Mangrove research takes root in Shenzhen

Grace Ho

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CityU's scientific forays into the Pearl River Delta Region span a wide range of subjects, from manufacturing engineering to information technologies to environmental conservation.

CityU's latest research effort on the mainland is the Futian-CityU Mangrove Research & Development Centre (FCMC), in Shenzhen's Nelingding Futian Nature Reserve. FCMC is the first R&D centre jointly founded by a national nature reserve and a Hong Kong university.

Over 70 academics, researchers, government officials and guests from Hong Kong, Macau and the mainland attended the FCMC's opening ceremony and subsequent Symposium on Mangrove Ecology and Conservation, 13 December.

Mangroves are important and valuable natural resources common to both Shenzhen and Hong Kong, according to Mr Liu Yingli, Vice-Mayor of Shenzhen Special Economic Zone in his opening address. "The launch of the FCMC will promote closer collaboration between the sister cities and will bring forth greater contributions in nature reserve management for our country."

Mr Liu unveiled the Centre's plaque at the ceremony, together with other officiating guests: Mr Liu Zhiping, Director (Forestry) of the Shenzhen Agriculture, Forestry and Fisheries Bureau; Mr Wang Yongjun, Deputy Director of Nelingding Futian National Nature Reserve Management Bureau; and CityU Vice-President (Administration) Professor Y S Wong.

"FCMC's inception is the extension of a fruitful, long-term collaboration among CityU scientists, the Futian Nature Reserve and various universities in the mainland," renowned mangrove scientist and FCMC Director, Professor Wong said. "It is hoped that the Centre will serve as a platform for scholars and experts in the field from Hong Kong, mainland and all over the world, to work together on and contribute to the study and conservation of mangroves."

Beneficial to the public and to the region

FCMC has a strong research team with scientists and scholars from well-known universities and institutions overseas and in the mainland, including CityU, Zhongshan University, Xiamen University, Fudan University, The Chinese Academy of Sciences' Institute of Botany, and Columbia University. FCMC is an open research centre and welcomes international scientists to collaborate with its principal investigators and to initiate projects related to mangrove research.

The FCMC occupies more than 600 square metres, comprising the Futian Mangrove Laboratory and other state-of-the-art facilities, providing research support for basic and applied mangrove-related work.


Current projects

l          To establish a database on understanding the animal diversity, community structure and ecosystem dynamics in Futian mangrove wetland;

l          To develop a constructed mangrove wetland system for domestic sewage treatment;

l          To promote of mangrove conservation and replanting technology;

l          To explore the economic values of mangrove plants;

l          To isolate bioactive compounds from mangrove plants and microbes; and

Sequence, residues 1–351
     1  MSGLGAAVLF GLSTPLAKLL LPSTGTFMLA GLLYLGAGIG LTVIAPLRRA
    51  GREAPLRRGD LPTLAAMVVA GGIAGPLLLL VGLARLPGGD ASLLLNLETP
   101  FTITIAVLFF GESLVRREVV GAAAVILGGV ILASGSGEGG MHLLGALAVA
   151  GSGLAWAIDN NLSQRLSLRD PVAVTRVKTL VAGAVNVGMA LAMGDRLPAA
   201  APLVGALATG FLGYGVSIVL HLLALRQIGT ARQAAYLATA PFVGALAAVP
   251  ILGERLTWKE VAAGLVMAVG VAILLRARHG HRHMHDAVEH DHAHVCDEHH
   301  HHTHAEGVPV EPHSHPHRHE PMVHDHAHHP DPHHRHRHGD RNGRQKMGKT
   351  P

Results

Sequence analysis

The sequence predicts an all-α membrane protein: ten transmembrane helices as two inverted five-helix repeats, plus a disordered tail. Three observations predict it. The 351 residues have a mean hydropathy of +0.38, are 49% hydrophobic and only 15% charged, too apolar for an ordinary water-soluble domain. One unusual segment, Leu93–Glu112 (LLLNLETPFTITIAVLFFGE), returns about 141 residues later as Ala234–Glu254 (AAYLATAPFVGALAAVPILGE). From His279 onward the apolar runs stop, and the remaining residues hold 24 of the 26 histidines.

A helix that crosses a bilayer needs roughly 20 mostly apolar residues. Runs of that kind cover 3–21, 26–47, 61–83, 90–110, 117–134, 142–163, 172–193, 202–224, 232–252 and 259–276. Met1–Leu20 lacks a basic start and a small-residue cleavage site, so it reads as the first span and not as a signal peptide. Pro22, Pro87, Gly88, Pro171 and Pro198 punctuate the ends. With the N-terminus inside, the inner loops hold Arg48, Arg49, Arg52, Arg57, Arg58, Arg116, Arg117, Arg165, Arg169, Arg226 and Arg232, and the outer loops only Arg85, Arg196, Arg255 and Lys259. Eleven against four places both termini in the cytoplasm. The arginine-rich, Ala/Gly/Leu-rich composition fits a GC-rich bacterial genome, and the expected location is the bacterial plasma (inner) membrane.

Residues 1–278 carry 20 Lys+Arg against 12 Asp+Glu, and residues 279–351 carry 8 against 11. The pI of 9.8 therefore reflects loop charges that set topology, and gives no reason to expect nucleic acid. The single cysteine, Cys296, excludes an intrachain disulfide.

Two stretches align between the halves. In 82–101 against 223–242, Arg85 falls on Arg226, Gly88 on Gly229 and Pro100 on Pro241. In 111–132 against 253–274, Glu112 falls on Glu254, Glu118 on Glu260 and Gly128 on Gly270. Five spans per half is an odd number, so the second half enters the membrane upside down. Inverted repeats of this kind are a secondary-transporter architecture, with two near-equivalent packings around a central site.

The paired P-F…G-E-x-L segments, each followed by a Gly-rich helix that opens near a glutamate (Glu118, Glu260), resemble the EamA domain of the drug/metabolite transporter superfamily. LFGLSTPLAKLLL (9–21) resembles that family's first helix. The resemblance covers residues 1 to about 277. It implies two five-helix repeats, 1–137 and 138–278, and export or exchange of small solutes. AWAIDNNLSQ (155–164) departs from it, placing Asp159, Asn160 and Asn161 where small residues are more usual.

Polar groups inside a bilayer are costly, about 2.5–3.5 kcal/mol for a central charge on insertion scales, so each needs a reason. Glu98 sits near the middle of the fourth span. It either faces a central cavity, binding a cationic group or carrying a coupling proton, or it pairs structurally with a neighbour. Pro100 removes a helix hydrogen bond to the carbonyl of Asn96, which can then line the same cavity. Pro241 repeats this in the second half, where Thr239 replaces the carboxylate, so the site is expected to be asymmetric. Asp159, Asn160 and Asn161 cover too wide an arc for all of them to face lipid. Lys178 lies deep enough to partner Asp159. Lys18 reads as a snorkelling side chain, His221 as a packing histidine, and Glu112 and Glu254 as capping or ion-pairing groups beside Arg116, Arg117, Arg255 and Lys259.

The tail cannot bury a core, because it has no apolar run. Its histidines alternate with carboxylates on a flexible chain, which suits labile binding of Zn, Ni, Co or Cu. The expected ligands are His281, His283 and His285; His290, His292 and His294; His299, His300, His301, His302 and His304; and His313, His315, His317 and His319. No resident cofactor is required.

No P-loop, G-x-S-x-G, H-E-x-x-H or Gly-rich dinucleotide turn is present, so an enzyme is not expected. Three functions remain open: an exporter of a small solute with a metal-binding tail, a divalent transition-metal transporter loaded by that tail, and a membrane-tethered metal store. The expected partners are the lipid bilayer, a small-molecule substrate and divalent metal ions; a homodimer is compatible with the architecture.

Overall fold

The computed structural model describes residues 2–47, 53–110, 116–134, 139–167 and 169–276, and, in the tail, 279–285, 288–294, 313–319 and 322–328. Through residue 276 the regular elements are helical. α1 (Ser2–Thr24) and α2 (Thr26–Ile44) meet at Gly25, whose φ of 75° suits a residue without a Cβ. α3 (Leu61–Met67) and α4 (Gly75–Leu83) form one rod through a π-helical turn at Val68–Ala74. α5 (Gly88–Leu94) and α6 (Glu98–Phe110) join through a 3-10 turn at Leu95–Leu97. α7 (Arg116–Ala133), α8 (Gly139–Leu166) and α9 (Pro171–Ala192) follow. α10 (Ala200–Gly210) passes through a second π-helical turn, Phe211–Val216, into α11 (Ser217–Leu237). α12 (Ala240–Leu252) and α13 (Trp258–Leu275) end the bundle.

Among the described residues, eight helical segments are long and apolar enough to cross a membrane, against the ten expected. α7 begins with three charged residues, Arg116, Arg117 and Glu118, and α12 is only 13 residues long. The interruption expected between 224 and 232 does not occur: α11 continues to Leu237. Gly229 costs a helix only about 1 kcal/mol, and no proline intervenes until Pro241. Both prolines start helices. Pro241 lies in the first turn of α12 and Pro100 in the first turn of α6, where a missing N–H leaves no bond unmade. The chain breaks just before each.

l          To investigate the ecophysiological role of endophytic fungi with potential applications in disease and insect control of mangrove plants.

"Public education is as important as research," stressed Professor Nora Tam, a respected mangrove scientist from CityU's Department of Biology and Chemistry, and FCMC's Associate Director. "We have plans to develop learning materials and teaching software for students and the general public to improve their understanding of the mangrove ecosystem and awareness towards environmental protection."

In recent years, some mangrove plants have been suggested for treating cancer and related diseases. However, scientific understanding in this area has been lacking. The FCMC will explore the commercial and medicinal values of these potential resources, and examine the growth and reproduction of mangrove plants, said Professor Tam..

Integral to the FCMC is the Futian Mangrove Laboratory, one of four research laboratories under the auspices of the Biotech and Health Centre-one of CityU's two Shenzhen Applied R&D Centres. Set up in July 2002 with support from the

, the Shenzhen Applied R & D Centres aim to facilitate midstream to downstream research, and to foster technology transfer and the commercialization of research output pertinent to the economy of Hong Kong and the Pearl River Delta region. The Biotech & Health Centre conducts studies of wetlands for wastewater treatment, in addition to the development of traditional Chinese medicine and drugs, genomics and biochips, and of medical devices.

The Shenzhen Applied R&D Centres have been strengthening ties with other institutions and industries in order to maximize City U's research capabilities and technology transfer in the Pearl River Delta region. The Centres' efforts are bearing fruit: four joint laboratories have been established in collaboration with academic and research institutes; consultancy/technology service agreements worth RMB 850,000 have been secured; a biochip anti-cancer research project has been listed in the prestigious "863" nationally funded programme; and the Centres participate in nationwide hi-tech fairs and exhibitions to promote CityU's research work.


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